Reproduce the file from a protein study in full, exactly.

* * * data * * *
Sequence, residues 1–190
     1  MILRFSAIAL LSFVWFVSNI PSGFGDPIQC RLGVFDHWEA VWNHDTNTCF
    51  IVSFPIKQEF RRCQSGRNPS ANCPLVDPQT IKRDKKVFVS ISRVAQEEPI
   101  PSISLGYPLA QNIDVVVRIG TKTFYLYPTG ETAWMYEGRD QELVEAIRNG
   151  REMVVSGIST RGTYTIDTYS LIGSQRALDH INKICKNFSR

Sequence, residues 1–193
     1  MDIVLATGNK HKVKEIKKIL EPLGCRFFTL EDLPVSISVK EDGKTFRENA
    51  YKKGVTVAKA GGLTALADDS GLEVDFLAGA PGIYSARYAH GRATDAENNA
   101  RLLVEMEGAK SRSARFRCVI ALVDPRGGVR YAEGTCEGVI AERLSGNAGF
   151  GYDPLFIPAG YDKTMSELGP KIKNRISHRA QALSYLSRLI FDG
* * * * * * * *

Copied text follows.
Sequence, residues 1–190
     1  MILRFSAIAL LSFVWFVSNI PSGFGDPIQC RLGVFDHWEA VWNHDTNTCF
    51  IVSFPIKQEF RRCQSGRNPS ANCPLVDPQT IKRDKKVFVS ISRVAQEEPI
   101  PSISLGYPLA QNIDVVVRIG TKTFYLYPTG ETAWMYEGRD QELVEAIRNG
   151  REMVVSGIST RGTYTIDTYS LIGSQRALDH INKICKNFSR

Sequence, residues 1–193
     1  MDIVLATGNK HKVKEIKKIL EPLGCRFFTL EDLPVSISVK EDGKTFRENA
    51  YKKGVTVAKA GGLTALADDS GLEVDFLAGA PGIYSARYAH GRATDAENNA
   101  RLLVEMEGAK SRSARFRCVI ALVDPRGGVR YAEGTCEGVI AERLSGNAGF
   151  GYDPLFIPAG YDKTMSELGP KIKNRISHRA QALSYLSRLI FDG